Thinking about Mal becoming the new Guardian made me wonder about the timing. By 1976, JACK KIRBY was winding down at DC and would return to Marvel. Around the same time, many of his characters would either be revisited or revised. Kirby himself would create an updated Sandman while Manhunter was already brought back to great acclaim and would be included in Secret Society of Super-Villains. And after the King's departure, both New Gods and Mister Miracle would be back on the schedule and the Demon would come back as well.
Though Jack had brought back the Guardian with his reimagined Newsboy Legion, modernizing the concept as a new character fits this pattern.
In story, it would have been interesting if Mal asked his patron, Mister Jupiter, to help him get some training for his new role. Maybe they could have involved the Ant, Wildcat or the original Guardian.
Mal was easily the Titan with the most room for character development and growth at the time.
It is indeed sad that he did not receive very much.
Especially since all the editorial fiats in this run seemed to focus on Mal, making him seem like the central character of this run, yet he remains mostly a blank space as a character. Looking back at this run now, I never realized before that Mal's Guardian costume looked pretty different with every art team that drew it, with all, none or some of the exo-skeleton visible, and no one sure if he'd inherited Jim Harper's yellow trunks or not.
Likewise, it's a shame that the whole concept of the Horn of Wonder making Mal the equal of any opponent never got a fair shake. Personally, despite the baggage this particular "power" came with here, the idea was brilliant, and something that would be really handy for super-team story telling, since having a character around who's whole gimmick is to be as good as whoever he's fighting would spare readers the mental gymnastics of figuring out why the more powerful members of the team seem to be holding back their powers to make the others feel better about themselves, or how the "lesser" members even survive attacks calibrated to the more godlike heroes. If he'd worked right, the Hornblower could have gone toe-to-toe with General Zod one issue, but still get beat up by someone as lame as the Wreckers in the next because of his power instead of despite it. Still, the versions of Mal we got here were still better than Vox....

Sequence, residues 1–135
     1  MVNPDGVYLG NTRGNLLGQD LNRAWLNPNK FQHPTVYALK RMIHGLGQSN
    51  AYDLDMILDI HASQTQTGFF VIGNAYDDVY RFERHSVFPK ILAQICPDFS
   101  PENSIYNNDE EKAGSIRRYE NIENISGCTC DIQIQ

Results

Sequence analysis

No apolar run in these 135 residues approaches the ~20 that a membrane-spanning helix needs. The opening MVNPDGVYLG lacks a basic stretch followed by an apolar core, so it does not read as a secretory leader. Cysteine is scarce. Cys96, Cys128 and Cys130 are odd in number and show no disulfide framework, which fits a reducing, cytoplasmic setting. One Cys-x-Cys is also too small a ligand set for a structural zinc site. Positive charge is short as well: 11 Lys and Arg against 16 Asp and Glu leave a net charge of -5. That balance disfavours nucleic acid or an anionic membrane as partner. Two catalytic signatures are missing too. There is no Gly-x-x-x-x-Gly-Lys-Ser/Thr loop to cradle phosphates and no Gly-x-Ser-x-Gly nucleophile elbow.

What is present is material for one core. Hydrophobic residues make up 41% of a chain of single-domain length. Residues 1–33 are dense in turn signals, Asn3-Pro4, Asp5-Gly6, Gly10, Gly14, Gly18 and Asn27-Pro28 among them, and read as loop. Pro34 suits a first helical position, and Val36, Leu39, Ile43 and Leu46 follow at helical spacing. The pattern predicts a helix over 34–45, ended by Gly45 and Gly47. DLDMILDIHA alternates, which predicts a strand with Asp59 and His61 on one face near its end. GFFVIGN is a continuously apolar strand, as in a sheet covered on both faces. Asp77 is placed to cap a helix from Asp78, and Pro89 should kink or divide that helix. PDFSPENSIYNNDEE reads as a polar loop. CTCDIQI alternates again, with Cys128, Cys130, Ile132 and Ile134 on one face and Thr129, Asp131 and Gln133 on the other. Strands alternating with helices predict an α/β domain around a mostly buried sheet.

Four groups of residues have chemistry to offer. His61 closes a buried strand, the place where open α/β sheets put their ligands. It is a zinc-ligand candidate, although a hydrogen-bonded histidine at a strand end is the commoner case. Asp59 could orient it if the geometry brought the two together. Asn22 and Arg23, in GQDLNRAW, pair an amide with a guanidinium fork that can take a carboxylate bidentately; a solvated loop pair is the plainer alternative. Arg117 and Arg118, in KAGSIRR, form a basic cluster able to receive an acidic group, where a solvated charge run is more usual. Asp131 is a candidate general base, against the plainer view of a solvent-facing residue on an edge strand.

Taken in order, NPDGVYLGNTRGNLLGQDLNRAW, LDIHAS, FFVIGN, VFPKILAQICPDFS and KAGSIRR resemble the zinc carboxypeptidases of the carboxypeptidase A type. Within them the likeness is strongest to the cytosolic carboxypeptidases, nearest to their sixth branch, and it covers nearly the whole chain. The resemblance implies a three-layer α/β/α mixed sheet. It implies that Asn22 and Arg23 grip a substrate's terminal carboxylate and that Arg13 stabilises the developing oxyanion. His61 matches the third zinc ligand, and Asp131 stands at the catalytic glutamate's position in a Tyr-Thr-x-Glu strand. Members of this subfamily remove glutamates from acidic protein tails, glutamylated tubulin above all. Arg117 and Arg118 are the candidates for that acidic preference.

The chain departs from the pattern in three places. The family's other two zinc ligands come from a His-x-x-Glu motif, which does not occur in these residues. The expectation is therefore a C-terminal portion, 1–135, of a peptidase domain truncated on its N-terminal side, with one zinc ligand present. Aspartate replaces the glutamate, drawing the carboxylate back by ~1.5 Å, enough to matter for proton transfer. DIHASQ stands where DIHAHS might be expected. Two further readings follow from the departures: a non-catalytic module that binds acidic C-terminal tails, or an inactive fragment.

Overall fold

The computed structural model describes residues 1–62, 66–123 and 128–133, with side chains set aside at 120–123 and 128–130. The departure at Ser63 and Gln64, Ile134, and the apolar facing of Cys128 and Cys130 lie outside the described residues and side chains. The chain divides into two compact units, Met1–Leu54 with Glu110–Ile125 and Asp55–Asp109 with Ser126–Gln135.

I haven't read these comics, but am enjoying the thread. Mal's horn sounds like an original idea (gasp!) that should have worked better. The editors, writers and artists playing musical chairs probably was why it didn't work.
The Titans West storyline was, far as I know, the first apperance of the idea of a superhero franchise ever.
It was also a clear display of appreciation for DC's continuity and the variety of characters that it brings. Given that the writer was Bob Rozakis, that is perhaps to be expected. He is, after all, The Answer Man.
I just now realize that, as so much else, Beast Boy has changed discreetly yet significantly since we last saw him. He is now as tall as Hawk, and his mask, which IIRC was previously implied to be cowl-like and disguise his green skin, is now functionless - he is just as obviously green skinned wearing it as without it, and I must assume that he no longer has the secret identity that served him so crucially back in 1967's Doom Patrol #110.
Meanwhile, starting with Showcase #97, published between Teen Titans #49 and #50, the New Doom Patrol of Val Vostok, Tempest and Celsius is introduced, bringing back Robotman with it. Robotman will go on to interact with Beast Boy (later Changeling) off-panel at some point, and he and shortly later Mento (Beast Boy's adoptive father) will meet the New Teen Titans in about four years time (New Teen Titans #13-15 IIRC) in a story that revisits most of the dangling plots from the previous Doom Patrol.
In a way it is a good example of the positives and negatives of the creative choices of this run. It is great to revisit characters with so many intriguing stories to tell such as most of the Titans West, but ultimately Rozakis isn't doing much more here than reminding us that they were once published regularly and are still available for DC to use.
For instance, I don't think that either Lilith or the story itself even mentions that she was seeking her origin and parents when we last saw her. It is an unresolved and unmentioned plot. Nor does Beast Boy make much of a mention of the Doom Patrol or how things stand with his adoptive father Steve Dayton (Mento). This story is about reintroducing the characters of Titans West, but not about learning much at all about who they are.
Bat-Girl may well be the one who has the most to say about who she is and what she intends to do now, and since it is to reestablish herself as a rival Bat-Girl to the far better known Barbara Gordon Batgirl, it does not sound like something likely to bear fruit.
Come to think of it, I assume that Marv Wolfman read at least some of these issues not too long after they were published and felt a lot of untapped potential in these characters and concepts. He would go on to make good use of Robin, Kid Flash, Beast Boy and Wonder Girl three years in the future, and it would not be too long until he revisited this story as well.